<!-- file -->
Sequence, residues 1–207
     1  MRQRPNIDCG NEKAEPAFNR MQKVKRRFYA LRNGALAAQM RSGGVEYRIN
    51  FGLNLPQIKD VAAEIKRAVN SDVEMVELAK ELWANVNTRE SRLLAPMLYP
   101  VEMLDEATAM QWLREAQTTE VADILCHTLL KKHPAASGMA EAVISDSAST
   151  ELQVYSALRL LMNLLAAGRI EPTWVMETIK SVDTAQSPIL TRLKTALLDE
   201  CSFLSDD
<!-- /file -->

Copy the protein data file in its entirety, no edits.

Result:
Sequence, residues 1–207
     1  MRQRPNIDCG NEKAEPAFNR MQKVKRRFYA LRNGALAAQM RSGGVEYRIN
    51  FGLNLPQIKD VAAEIKRAVN SDVEMVELAK ELWANVNTRE SRLLAPMLYP
   101  VEMLDEATAM QWLREAQTTE VADILCHTLL KKHPAASGMA EAVISDSAST
   151  ELQVYSALRL LMNLLAAGRI EPTWVMETIK SVDTAQSPIL TRLKTALLDE
   201  CSFLSDD